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Pub-based stroke club has national ambitions
A SUPPORT group founded by pub-going stroke survivors has become a registered charity.
Gary Gill teamed up with others to set up Stroke Club just under two years ago.
It started with two people meeting at The College Oak, Abingdon, and they have met there every fortnight without fail ever since – watching the club grow.
The group isn’t about medication and diagnosis, it’s just a place where stroke survivors can meet up with friends who understand how it feels.
Mr Gill, 48, says he wants to now make the club a national group, and already a new branch is being started in Didcot.
He said: “When I had my stroke I was left on my own.
“I met this bloke, Brendan, and he felt the same so we started this club, and it has just grown and grown.
“You can be the best physician in the world but if you’ve never had a stroke you’ll never understand it.
“I have a bit of a limp now and get pain, but the mental side is what is really horrible.
“When I am chatting to people I will forget what we’re talking about mid-sentence and have to apologise and ask them what we were talking about.
“I still go for therapy.”
Being a registered charity means Stroke Club won’t have to pay income or corporation tax and donations to the club may be eligible for Gift Aid. The official status can also make it easier to raise funds.
Mr Gill woke up on his sofa one morning in April 2012 and couldn’t feel his left arm.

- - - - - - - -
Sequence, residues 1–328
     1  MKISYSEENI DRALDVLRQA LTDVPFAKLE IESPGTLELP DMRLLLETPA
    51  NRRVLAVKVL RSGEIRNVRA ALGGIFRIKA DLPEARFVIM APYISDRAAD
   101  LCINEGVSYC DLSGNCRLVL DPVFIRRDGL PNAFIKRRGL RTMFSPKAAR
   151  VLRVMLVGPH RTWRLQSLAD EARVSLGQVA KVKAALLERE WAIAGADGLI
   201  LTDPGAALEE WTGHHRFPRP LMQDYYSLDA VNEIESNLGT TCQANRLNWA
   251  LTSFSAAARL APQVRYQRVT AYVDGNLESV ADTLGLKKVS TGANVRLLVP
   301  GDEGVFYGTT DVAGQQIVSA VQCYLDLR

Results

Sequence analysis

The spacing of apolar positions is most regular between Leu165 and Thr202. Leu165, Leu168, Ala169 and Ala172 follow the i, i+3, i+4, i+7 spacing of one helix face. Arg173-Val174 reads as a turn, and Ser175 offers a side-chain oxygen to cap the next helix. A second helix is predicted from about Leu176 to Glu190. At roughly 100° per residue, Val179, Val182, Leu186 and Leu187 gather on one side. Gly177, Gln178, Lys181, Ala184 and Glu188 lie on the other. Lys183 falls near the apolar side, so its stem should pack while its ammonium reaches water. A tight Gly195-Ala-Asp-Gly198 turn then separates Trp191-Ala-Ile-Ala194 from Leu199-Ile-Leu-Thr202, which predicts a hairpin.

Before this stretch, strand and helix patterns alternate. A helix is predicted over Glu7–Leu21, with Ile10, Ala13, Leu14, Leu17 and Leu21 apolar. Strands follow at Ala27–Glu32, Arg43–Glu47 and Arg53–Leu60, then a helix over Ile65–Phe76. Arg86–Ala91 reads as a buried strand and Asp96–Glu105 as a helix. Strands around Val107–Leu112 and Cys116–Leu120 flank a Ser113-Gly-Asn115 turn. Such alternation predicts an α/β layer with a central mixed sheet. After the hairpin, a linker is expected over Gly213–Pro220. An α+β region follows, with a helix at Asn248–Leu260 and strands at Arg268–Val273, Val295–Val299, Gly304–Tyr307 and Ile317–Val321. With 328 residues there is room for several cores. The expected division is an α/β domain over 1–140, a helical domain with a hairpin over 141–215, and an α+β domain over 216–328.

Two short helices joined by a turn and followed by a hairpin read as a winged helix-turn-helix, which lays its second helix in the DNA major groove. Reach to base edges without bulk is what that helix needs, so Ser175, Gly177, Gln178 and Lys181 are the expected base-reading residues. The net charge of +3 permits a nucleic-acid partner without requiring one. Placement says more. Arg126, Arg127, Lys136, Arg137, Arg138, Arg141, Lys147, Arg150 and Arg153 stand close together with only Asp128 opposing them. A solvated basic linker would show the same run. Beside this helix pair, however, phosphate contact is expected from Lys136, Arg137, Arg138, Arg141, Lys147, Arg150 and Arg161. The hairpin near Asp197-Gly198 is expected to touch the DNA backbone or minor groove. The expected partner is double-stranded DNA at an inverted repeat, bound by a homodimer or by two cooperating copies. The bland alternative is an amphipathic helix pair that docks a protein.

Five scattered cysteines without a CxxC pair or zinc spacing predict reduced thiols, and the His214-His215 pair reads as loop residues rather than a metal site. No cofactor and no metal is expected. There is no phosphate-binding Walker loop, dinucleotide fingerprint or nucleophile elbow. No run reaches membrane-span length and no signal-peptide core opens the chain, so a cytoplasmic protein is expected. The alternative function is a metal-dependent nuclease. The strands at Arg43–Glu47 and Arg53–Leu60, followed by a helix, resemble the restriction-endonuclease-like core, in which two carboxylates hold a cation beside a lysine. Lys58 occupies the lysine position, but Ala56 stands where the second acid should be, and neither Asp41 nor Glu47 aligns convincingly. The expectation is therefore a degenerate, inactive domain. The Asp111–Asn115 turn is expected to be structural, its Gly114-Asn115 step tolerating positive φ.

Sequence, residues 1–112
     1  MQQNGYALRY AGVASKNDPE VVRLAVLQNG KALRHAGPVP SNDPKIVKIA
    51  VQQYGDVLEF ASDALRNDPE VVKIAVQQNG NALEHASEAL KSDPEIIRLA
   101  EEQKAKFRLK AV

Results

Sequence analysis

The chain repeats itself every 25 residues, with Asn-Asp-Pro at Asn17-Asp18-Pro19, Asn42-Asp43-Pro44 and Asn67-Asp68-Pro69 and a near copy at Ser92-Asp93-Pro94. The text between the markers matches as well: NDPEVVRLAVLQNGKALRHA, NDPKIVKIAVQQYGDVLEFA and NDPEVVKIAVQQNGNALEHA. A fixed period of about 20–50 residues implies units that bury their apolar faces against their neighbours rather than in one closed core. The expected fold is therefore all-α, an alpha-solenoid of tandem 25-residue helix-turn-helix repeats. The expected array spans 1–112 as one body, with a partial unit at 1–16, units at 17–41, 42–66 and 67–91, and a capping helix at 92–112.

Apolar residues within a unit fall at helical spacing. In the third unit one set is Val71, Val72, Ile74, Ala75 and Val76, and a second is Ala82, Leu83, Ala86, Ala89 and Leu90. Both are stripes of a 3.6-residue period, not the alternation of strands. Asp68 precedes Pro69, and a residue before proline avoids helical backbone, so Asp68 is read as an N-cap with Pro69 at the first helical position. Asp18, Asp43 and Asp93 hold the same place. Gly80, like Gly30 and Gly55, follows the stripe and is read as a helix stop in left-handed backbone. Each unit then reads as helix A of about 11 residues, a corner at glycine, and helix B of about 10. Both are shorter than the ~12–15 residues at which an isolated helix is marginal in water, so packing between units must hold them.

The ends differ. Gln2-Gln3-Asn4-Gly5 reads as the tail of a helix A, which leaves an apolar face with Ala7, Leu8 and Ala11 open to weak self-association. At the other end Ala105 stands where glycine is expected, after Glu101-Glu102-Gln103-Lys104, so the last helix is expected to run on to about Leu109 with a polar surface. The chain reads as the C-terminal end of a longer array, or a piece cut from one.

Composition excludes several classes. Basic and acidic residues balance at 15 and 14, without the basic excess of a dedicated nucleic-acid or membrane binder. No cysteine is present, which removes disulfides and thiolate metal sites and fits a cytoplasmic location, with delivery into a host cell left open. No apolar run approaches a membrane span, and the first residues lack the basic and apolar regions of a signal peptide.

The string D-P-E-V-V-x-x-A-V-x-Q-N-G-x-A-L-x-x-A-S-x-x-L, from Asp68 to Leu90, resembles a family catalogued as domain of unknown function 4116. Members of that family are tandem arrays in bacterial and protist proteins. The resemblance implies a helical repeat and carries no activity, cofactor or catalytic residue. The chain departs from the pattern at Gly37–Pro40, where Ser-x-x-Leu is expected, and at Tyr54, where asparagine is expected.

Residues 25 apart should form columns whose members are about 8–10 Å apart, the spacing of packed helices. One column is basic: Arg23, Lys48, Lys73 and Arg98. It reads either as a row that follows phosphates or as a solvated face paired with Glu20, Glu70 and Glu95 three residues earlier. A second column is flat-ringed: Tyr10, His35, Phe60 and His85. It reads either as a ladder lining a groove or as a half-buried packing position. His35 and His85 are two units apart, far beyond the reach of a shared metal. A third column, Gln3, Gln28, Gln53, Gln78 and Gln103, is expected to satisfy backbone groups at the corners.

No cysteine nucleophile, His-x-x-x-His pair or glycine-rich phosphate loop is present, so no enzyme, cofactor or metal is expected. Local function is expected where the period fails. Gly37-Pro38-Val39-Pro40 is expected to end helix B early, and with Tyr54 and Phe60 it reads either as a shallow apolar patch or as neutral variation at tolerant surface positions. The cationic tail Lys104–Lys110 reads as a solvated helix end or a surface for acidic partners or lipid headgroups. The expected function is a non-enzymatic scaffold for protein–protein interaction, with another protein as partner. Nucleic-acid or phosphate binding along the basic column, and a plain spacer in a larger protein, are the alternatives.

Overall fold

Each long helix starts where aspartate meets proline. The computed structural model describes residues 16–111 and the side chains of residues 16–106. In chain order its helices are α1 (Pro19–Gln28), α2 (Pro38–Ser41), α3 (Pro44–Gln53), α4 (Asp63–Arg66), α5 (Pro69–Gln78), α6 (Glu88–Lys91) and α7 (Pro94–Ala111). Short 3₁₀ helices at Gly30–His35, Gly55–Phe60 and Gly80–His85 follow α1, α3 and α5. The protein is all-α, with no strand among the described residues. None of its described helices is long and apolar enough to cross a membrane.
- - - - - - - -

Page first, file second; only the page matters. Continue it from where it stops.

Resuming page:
When the feeling didn’t return after a few minutes he tried to speak, couldn’t, and realised he was having a stroke.
He was just 46.
It took him half an hour to crawl to his phone to call an ambulance, but the real struggle came in the weeks and months which followed as he tried to recover living on his own.
That all changed when he and another stroke survivor Brendan Kehoe founded Stroke Club in November that year.
On Tuesday, their club became an official registered charity and launched its new website – strokeclubuk.org The idea of Stroke Club was that it would be a place where no-one needed to feel embarrassed if they forgot what they were talking about.
Mr Gill said: “The thing I love about Stroke Club is the smiles on people’s faces.
“You have to be positive.
“People are so down when they arrive, but after one day with us they always have a smile on their face.”
The club now has 27 members, one of whom, Will Stammers, is starting the branch in Didcot. Mr Stammers, 39, suffered a stroke two-and-a-half years ago, and is now out of work.
He said: “It’s really just given me a focus in life. I enjoy it so much because it’s a place where everyone is in the same boat, everyone is a survivor or a carer.”
Mr Gill added: “People are coming on board, everyone wants to help us getting grants, everyone who comes does something.”
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